Copy of 2019, Year 15 Dancer & Daedee
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By Lisa Loucks-Christenson
January 01, 2019
Today I went back to work on my Struggling for Existence Documentary, a story I'm writing about the wildlife and their struggles to live in the valley set against unfair trapping, poachers, illegal hunting, and the animals' ongoing fight for survival, something I started in 2005 and have worked on for years.
In the last few months, it took opening my new bookstore and gallery (which turned into two stores and one online store); my own health emergency and unexpected surgeries; my families health battles; a host of worldwide customers looking for health answers and fighting to survive to make me realize the timeliness of this story. I plan to finish this project, this year, if it’s God's will.
I know my old dog, wanted to come with me today--that was the plan. Although he didn't always start the documentary each year with me, most of the years he did. He'll be 15-years-old this year, old for a German Shepherd, but still so young at heart.
I knew he couldn't walk far, maybe just a few steps into the field, but it would be enough, and at the very least, he'd enjoy the ride. It me took all the way up until the last minute before I decided he had to stay home. He knew the second I changed plans. He knew my thoughts, where I was going.
He had that knowingness that said he wanted to be with me. It wasn't easy, but I walked away knowing I'd be making the trip without him. It was the hardest thing I had to do today. I promised him he'd be with me in spirit--and he was. I drew his image in my notebook, I dedicated this year to him--my #1 field dog.
The temperature was 5 degrees when my husband and I left Rochester. It's our anniversary today, and starting the project with me has become a trip we like to take together. When we arrived in the valley, I walked along our old paths and observed the changes, and took note things I want to investigate further. The woods were full of new stories, new creatures I'll meet on my outdoor beat this year.
As I hiked out, I noticed something I didn't expect. A skeptic would be hard-pressed to deny--this time--what I'd already proven was a real presence in the valley. This time, unlike my older evidence: plaster casts, photos of mud tracks, field cameras shots, personal observations, video . . . was something winter preserved in its own mold.
There, glazed in royal blue ice was solid proof of my nemesis: the cougar. It unnerved me, some, to find the tracks the first day seemed like it were both a blessing and curse. It meant to me: use caution on the days ahead. I'd hoped by now it had moved on.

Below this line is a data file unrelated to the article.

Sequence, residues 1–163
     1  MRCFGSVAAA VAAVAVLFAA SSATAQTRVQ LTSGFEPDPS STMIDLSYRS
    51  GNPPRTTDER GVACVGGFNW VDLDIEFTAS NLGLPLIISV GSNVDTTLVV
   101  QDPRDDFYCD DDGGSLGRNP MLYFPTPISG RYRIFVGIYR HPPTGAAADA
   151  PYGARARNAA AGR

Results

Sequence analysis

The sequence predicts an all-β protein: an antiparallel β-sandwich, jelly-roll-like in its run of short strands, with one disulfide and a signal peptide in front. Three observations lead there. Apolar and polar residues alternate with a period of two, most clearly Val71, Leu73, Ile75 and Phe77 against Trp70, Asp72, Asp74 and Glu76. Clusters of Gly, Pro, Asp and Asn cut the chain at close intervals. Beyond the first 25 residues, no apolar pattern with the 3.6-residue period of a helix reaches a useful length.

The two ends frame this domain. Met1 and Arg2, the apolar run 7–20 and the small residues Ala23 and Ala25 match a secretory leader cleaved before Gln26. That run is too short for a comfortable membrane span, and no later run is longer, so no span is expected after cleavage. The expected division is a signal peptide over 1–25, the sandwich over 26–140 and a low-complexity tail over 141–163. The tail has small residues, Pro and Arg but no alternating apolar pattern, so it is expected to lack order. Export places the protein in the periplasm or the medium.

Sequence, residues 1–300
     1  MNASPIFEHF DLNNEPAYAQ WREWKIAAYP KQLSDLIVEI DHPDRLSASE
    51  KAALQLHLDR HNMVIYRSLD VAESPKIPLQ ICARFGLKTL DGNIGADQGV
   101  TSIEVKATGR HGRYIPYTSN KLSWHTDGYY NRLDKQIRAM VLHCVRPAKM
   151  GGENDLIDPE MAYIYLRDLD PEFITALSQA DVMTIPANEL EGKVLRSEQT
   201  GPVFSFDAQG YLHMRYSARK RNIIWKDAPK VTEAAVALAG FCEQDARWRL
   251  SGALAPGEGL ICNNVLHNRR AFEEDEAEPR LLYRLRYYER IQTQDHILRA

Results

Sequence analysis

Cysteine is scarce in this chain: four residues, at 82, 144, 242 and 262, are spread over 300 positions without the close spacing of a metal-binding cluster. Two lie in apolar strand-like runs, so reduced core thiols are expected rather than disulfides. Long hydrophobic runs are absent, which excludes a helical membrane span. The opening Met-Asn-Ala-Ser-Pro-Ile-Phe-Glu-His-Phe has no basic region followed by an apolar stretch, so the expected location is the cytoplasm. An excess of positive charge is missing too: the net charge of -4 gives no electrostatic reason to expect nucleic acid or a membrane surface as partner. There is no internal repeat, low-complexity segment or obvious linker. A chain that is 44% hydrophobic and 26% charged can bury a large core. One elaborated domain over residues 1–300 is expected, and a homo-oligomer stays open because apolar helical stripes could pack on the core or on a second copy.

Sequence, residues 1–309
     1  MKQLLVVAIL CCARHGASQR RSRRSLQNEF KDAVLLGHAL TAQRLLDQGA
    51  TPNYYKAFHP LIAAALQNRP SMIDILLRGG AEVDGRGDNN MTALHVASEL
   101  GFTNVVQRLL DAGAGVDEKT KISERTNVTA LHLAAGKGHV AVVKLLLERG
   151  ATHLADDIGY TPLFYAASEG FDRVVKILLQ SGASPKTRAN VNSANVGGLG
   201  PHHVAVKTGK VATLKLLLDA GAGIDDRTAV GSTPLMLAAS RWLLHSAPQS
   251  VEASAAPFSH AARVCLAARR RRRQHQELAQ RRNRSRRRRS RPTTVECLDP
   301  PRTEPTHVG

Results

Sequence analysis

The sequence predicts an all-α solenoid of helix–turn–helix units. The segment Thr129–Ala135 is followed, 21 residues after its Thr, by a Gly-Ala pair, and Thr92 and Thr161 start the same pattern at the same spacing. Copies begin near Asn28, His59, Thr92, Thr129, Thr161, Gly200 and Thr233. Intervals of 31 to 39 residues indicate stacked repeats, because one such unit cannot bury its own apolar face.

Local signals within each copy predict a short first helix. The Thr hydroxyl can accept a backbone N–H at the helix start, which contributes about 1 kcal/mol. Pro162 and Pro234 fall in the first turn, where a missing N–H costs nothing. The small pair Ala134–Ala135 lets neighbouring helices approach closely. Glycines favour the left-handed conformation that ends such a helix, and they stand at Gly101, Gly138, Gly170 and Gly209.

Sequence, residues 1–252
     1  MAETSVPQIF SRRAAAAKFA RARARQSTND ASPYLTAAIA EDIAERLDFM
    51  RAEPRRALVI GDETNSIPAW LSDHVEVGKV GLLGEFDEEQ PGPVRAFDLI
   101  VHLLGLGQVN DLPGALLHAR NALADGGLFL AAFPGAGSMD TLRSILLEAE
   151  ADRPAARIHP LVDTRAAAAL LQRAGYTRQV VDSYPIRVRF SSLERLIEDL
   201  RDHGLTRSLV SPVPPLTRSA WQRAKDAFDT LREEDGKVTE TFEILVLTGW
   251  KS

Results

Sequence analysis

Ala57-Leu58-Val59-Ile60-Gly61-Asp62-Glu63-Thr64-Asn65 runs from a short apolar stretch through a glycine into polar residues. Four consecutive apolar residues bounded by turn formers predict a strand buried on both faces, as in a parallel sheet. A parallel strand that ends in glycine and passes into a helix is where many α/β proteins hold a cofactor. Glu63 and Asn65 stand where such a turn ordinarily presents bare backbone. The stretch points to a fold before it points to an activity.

The sun shimmered through the trees casting moving black shadows across the cougars' tracks, and there was a long trail of them, each track was dotted with tiny clumps of snowflakes huddled on the mirrored surface. The story was clear: there was a deer that walked along its path, then slid when it heard a predator. The predator leaped and slid which explains the deeper set of tracks, the landing tracks. I studied how the cougars' first toe was turned far to the left, that's it how it landed--all weight on it the pad smeared as it slid, and how it corrected its slide, graceful and balanced like a cat, and took after the deer. That's what it's tracks shared.
Everywhere the cougar stepped it left his story, no denying the pad or toe imprints, as large as my palm and thumbs, it was easy to see it slid in the same spot as the deer. A deer that got away.
Oddly, as I looked closer at the image I was shooting, I noticed a light shade of tan, and two spots that looked like cougar eyes and its head, ears stared back--all formed in the earth under its ice track. The image was so stunning it took my breath away.
My cautious nature forced me to look up, to double check the trees above me. Lucky for me, this time the trees were clear, which left me to study the track with the latent image of a cougar I've crossed paths with many times all locked in a glossy archive that it still shared my path.
It was a powerful message for me today. I thank God for it, and for the 28 years, I've shared with my husband. Happy Anniversary, David. Thanks for being my driver today.
The cougar track will make a great back cover image for the book, that or it could make a great opening photo for today's story, or maybe a cover for my fiction series I write, set here, in the ghost town of Whitewater Falls, WOLVES OF WHITEWATER FALLS, one of the side series: Soul of a Cougar.
Now you know where I get my inspiration.
See you on the journey,